Owner says she may try again
By RICK GREEN, LACONIA DAILY SUN
LACONIA — A Massachusetts woman has withdrawn controversial plans to build a campground in a 99-acre rural and residential area near Parade and Roller Coaster roads.
Jill Miller of Chelmsford sent an email to the Planning Department on Monday withdrawing her applications for the project, which was also to include a store and a restaurant.
Neighbors were vehement in their opposition. They cited concerns over pollution, traffic hazards, trespassing and harm to property values. The Zoning Board of Adjustment on April 17 asked Miller to come back with more specifics, including how many camping spaces would be built and how sewage would be handled.
Miller says she and her proposal have been misunderstood. She speaks of a tasteful development that would be good for the area, and better than other potential options for the land, which is where a lumber mill once operated.
In her email to the city, she left the door open for refiling the proposal in the future.
“At this time I would like to respectfully withdraw all of the applications I have on file with the Zoning Board,” she stated. “I will not be able to have all of the requested information that was asked of me from the last meeting for a little bit longer, so I will refile at that time.
“Thank you for your time and I look forward to working with you in the future.”
Before she withdrew the proposal, the board had been set to consider her four applications Monday night.
One application was for a variance to build a retail store, another was for a special exception to build a campground, a third was for a special exception to build a neighborhood store and a fourth was for a variance to build an eating-and-drinking establishment.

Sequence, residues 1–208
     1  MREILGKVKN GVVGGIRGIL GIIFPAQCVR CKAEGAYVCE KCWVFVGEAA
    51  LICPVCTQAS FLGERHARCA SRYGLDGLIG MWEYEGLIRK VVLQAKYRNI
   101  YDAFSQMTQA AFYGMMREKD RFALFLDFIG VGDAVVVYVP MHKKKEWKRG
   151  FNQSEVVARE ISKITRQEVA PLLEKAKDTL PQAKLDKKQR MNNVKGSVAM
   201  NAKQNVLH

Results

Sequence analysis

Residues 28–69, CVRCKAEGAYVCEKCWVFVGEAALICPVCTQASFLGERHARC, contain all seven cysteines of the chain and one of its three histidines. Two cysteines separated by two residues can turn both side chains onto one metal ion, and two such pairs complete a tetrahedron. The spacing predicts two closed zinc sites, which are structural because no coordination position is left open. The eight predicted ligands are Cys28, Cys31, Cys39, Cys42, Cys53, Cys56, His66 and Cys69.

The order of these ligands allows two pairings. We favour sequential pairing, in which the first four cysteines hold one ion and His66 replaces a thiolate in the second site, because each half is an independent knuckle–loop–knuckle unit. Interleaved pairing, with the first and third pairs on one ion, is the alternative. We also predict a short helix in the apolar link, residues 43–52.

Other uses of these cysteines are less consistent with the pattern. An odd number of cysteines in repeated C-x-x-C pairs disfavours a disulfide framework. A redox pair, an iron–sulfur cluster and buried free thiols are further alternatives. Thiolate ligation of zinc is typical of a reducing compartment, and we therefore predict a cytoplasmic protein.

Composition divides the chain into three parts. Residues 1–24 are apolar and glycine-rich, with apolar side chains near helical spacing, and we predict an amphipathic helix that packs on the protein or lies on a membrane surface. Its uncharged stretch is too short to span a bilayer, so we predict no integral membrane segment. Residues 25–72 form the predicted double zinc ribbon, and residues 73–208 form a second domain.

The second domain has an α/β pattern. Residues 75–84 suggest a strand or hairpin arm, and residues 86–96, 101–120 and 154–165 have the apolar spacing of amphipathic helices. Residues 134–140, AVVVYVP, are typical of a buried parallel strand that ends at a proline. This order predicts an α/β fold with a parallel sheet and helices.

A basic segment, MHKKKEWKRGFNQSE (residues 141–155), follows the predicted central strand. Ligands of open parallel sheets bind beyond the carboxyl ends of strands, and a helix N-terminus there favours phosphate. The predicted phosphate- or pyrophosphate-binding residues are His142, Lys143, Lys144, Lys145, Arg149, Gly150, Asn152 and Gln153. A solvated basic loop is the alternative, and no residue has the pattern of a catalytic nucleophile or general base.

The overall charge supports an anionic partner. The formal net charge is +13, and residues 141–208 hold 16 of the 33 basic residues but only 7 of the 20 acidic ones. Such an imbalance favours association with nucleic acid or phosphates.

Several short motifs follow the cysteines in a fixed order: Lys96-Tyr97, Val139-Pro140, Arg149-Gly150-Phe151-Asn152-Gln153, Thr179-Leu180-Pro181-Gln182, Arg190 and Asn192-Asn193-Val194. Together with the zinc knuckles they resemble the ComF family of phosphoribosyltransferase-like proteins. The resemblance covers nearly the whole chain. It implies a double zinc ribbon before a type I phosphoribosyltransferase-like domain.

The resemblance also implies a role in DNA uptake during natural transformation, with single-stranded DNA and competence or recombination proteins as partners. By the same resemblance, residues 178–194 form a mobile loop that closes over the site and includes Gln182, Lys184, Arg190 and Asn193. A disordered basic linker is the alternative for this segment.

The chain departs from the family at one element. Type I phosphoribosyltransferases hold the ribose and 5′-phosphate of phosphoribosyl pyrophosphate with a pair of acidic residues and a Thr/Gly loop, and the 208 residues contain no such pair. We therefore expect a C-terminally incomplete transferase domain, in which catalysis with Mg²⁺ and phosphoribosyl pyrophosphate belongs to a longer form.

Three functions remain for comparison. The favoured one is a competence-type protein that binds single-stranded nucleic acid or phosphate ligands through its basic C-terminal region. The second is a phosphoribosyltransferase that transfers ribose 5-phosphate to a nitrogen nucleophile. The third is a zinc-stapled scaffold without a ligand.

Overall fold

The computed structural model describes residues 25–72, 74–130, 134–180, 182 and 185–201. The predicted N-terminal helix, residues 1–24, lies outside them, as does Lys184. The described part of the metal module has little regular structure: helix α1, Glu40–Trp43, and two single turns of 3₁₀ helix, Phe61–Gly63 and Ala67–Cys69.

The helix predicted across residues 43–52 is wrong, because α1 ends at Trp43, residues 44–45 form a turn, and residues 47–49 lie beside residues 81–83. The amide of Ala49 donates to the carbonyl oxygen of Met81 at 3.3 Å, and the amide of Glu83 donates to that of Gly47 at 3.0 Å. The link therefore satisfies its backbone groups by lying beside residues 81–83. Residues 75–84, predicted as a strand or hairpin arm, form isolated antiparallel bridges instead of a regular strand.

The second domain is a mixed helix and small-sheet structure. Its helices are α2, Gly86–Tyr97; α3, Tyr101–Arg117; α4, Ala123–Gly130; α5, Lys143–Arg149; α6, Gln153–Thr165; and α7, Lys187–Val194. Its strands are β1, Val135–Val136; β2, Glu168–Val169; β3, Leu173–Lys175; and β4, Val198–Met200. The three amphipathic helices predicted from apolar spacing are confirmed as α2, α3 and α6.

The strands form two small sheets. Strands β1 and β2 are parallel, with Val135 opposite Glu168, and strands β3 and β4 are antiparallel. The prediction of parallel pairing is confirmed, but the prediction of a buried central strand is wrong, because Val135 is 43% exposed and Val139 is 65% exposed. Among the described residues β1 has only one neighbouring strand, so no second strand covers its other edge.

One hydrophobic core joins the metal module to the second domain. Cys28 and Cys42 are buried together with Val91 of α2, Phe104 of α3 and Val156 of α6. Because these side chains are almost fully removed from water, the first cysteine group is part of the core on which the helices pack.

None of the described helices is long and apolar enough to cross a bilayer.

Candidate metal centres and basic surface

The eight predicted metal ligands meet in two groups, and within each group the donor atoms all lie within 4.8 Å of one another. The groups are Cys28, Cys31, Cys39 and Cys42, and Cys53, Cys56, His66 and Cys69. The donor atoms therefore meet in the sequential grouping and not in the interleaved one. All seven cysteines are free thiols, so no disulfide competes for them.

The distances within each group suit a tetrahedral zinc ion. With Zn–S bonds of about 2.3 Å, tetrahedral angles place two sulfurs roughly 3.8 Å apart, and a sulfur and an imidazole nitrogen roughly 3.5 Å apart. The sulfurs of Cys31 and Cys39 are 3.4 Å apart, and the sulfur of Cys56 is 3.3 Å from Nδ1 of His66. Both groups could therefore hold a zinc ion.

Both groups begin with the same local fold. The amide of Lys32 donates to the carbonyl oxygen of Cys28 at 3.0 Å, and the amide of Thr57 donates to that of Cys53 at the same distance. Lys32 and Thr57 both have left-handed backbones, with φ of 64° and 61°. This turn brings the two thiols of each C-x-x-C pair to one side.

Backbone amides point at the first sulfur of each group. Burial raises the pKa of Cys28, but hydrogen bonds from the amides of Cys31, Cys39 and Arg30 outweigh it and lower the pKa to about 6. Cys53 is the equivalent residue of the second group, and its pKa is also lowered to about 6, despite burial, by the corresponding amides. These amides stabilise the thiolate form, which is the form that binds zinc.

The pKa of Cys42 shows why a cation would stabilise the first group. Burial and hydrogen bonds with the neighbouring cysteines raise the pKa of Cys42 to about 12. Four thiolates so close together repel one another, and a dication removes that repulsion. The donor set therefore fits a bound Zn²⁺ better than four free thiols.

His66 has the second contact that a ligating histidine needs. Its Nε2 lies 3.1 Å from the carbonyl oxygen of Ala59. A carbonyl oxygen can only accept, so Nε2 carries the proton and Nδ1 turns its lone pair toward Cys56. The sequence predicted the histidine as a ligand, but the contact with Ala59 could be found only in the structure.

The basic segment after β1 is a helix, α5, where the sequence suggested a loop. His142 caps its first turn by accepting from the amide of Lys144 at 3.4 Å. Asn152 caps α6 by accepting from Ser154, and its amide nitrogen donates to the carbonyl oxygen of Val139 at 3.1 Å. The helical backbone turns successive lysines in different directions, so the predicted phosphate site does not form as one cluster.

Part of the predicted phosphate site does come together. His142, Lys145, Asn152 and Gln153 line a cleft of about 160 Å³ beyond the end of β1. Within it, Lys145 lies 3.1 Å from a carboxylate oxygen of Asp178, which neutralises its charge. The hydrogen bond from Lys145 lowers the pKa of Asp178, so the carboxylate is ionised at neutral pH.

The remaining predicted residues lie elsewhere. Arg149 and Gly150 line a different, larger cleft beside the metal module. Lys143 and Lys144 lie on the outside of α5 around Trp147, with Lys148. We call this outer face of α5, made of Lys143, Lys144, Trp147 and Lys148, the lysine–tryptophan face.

In an interview Monday, Miller said her proposal has been greeted with falsehoods. She said some of those in opposition were wrong to suggest she wanted to build a saloon. She does not want to sell alcohol. She envisioned a small camp store providing essentials to guests and the community. Food like hot dogs and pizza might be sold.
“I was trying to improve the community,” she said.
She wasn't definitive about future plans.
“Wait and see,” she said.
Peter Spanos, one of the neighbors, said he had major concerns over environmental issues, including air pollution from dozens of campfires and contamination arising from campground sewage.
The proposal was not well planned and lacked specifics, he said.
“It wasn't even on the back of a napkin,” Spanos said.
He is one of many neighbors who packed the earlier board meeting to voice opposition.
“Generally, when an entire neighborhood rises up in opposition to a proposal, generally it's not a good idea to proceed with it,” he said.
- Written by Rick Green
- Category: Local News
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